Common Reporting Standard
What is Common Reporting Standard?
The Common Reporting Standard (“CRS”) is a standard for the Automatic Exchange of Financial Account Information (“AEOI”) promulgated by the Organisation for Economic Co-operation and Development.
To provide a legal framework for the implementation of AEOI, the Government of the Hong Kong Special Administrative Region has enacted the Inland Revenue (Amendment) (No. 3) Ordinance 2016, which came into effect on 30 June 2016. Effective from 1 January 2017, all reporting financial institutions in Hong Kong are required to identify the tax residency of their account holders, and to furnish a return periodically reporting the required information in relation to the reportable accounts to the Inland Revenue Department (“IRD”) for its transfer to the tax authority of the relevant jurisdiction.
What is Common Reporting Standard?
The Common Reporting Standard (“CRS”) is a standard for the Automatic Exchange of Financial Account Information (“AEOI”) between participating jurisdictions to enhance tax transparency and fight against cross-border tax evasion.
What is the Automatic Exchange of Financial Account Information?
The Automatic Exchange of Financial Account Information (“AEOI”) is a new system that involves the transmission of financial account information from Hong Kong to an overseas tax jurisdiction with which Hong Kong has entered into an AEOI agreement.
How does CRS affect new and pre-existing customers?
To identify reportable persons, if you purchase insurance policy from FWD Life (Hong Kong) Limited or FWD Life Assurance Company (Hong Kong) Limited on or after 1 January 2017, FWD will require you to provide a self-certification form to confirm your tax residency. If your insurance policy was purchased before 1 January 2017, FWD will identify your tax residency based on your existing account information. If necessary, FWD will ask you to provide a self-certification to confirm your tax residency.
Who will be the reportable persons under AEOI?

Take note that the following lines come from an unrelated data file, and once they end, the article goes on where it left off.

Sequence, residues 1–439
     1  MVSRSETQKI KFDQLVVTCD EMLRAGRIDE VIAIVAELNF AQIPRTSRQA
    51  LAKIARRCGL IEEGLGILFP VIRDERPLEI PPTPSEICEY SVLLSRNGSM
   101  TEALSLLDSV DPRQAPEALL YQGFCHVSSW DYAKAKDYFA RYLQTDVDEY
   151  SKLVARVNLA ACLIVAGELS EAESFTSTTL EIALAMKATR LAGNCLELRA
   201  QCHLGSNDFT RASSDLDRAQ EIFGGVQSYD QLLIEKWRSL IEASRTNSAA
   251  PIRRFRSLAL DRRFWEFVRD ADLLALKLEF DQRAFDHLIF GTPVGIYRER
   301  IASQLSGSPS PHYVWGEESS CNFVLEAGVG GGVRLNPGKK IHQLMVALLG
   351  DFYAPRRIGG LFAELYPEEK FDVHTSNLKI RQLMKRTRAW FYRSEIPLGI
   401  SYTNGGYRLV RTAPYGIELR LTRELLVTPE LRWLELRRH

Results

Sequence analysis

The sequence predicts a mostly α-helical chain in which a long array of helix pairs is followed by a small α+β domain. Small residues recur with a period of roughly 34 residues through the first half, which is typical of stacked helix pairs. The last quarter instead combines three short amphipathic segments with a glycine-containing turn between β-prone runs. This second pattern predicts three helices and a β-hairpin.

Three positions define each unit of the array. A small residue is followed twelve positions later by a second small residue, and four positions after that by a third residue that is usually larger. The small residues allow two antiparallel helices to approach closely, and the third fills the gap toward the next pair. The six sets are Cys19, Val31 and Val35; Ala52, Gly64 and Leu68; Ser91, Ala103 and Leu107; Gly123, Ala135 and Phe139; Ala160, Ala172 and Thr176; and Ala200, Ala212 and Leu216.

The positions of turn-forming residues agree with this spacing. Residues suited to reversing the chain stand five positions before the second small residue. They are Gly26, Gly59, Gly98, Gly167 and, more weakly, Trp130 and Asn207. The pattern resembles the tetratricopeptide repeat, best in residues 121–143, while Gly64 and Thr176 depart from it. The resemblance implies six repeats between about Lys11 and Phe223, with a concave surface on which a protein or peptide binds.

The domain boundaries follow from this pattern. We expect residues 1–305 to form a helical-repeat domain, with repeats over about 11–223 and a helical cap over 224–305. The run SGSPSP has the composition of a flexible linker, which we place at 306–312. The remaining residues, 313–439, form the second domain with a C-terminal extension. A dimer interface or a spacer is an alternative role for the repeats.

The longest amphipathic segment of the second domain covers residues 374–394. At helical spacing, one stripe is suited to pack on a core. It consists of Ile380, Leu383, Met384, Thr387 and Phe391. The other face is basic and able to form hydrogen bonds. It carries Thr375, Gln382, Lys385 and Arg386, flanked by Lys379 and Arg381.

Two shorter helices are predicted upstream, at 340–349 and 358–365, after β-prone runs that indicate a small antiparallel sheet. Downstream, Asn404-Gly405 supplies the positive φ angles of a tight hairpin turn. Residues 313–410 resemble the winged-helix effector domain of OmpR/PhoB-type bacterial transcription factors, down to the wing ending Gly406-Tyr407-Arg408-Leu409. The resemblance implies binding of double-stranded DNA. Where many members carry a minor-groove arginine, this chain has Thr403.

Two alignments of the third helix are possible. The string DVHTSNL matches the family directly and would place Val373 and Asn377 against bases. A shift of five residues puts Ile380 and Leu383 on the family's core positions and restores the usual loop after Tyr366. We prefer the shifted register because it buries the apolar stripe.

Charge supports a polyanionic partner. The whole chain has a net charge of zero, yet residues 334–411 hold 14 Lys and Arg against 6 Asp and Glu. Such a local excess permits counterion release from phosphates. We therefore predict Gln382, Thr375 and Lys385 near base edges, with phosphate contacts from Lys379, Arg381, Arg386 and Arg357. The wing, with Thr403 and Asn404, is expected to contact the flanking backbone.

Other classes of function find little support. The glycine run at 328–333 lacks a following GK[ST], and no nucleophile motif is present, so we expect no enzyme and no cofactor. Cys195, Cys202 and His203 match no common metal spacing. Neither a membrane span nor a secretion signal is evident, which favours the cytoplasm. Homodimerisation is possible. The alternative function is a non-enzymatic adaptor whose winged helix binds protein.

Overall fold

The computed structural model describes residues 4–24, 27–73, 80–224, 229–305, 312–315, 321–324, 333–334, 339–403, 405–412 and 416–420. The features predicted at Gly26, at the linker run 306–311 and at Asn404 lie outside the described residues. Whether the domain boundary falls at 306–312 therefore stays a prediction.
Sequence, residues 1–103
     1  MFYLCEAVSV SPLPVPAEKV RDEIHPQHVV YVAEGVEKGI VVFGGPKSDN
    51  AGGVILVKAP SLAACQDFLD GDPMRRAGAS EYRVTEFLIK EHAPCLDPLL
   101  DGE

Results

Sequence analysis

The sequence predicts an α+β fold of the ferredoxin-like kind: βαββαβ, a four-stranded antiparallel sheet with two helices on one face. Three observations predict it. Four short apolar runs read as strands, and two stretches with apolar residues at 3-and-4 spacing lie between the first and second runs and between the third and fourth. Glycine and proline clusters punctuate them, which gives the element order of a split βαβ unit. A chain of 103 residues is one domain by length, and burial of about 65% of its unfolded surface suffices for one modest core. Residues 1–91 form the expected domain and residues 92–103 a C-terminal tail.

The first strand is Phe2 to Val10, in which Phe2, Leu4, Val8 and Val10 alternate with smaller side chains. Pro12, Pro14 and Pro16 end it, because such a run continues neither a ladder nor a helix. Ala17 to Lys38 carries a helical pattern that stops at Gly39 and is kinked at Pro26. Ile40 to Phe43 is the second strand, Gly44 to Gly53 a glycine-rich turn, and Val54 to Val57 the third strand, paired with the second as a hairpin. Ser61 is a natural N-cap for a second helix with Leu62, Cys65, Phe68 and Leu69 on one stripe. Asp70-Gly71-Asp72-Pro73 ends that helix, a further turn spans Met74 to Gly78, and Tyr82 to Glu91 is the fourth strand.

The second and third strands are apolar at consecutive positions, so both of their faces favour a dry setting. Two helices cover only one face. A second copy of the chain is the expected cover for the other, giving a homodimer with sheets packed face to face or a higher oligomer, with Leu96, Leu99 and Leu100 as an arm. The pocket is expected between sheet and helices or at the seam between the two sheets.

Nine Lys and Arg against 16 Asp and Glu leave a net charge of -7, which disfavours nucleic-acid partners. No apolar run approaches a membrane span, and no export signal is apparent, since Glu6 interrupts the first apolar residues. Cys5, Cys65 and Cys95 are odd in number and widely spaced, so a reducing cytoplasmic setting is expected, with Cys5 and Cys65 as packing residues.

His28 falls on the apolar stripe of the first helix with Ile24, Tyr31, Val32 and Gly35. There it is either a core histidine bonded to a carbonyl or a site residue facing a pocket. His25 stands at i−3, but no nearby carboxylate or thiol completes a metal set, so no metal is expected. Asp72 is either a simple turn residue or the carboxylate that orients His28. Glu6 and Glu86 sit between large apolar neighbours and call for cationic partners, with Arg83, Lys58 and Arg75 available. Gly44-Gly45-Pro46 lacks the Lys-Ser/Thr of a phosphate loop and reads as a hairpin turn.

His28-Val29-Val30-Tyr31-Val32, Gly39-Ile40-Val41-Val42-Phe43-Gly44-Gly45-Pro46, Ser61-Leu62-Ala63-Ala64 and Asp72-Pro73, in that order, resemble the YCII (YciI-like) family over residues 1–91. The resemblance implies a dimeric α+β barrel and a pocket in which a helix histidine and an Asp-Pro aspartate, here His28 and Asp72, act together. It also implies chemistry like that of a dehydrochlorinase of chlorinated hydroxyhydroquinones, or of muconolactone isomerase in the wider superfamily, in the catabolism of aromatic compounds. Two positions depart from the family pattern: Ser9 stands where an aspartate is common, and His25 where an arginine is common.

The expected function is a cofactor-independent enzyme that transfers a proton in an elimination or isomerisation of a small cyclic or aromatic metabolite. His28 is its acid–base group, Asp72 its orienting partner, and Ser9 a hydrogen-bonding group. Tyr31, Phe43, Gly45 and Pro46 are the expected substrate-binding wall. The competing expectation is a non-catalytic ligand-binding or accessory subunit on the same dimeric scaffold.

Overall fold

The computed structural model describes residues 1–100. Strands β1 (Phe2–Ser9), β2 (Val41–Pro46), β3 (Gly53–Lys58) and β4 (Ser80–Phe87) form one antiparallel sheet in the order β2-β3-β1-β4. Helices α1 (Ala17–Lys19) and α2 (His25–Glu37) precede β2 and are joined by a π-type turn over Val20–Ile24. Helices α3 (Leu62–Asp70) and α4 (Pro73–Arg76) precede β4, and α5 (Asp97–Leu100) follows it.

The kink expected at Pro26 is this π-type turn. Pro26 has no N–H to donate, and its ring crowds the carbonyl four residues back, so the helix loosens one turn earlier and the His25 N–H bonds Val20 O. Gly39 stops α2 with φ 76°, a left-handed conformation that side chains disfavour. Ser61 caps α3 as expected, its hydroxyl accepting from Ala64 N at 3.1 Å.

Individuals or entities who hold financial accounts with FWD and are liable to tax by reason of residence in the AEOI participating jurisdictions are reportable persons. Financial account information of reportable persons will be furnished to the Inland Revenue Department (“IRD”) and IRD will then transmit the information to the tax administration of the relevant jurisdiction of which the account holder is tax resident.
What is a self-certification?
A self-certification is a formal declaration that the account holder makes in connection with his/her tax residence. An account holder is required to make a formal declaration when he/she is applying for an insurance policy and/or the account holder has subsequent changes in circumstances and/or when FWD has doubt about your tax residence. A beneficiary is also required to make a formal declaration when he/she is submitting a death claims.
What information does reporting financial institution collect and report?
In general, information including your name, address, tax identification number, date of birth, place of birth, jurisdiction to which the information is reportable, policy number and the account balance or value as of the end of the calendar year of financial accounts held by reportable persons will be collected by reportable financial institution and reported to IRD.
Why am I asked to provide my tax residency in the self-certification?
Under the Inland Revenue (Amendment) (No. 3) Ordinance 2016, reporting financial institutions are required to apply the due diligence procedures to identify the tax residency of the account holders and controlling persons for the purpose of AEOI. Therefore an account holder is required to provide his/her tax residency to a reporting financial institution.
What should I do if there are changes in circumstances affecting my tax residency?
You are required to advise the reporting financial institution of any change in circumstances which affects your tax residency and provide the reporting financial institution with a suitably updated self-certification form within 30 days of such change in circumstances.
Which countries are AEOI participating jurisdictions?
There are more than 100 countries or jurisdictions committed to the AEOI including China, Macau, United Kingdom, Japan, Korea, Australia, New Zealand, etc. You may refer to the OECD CRS portal for the complete list of participating jurisdictions.
How do I get more information and advice?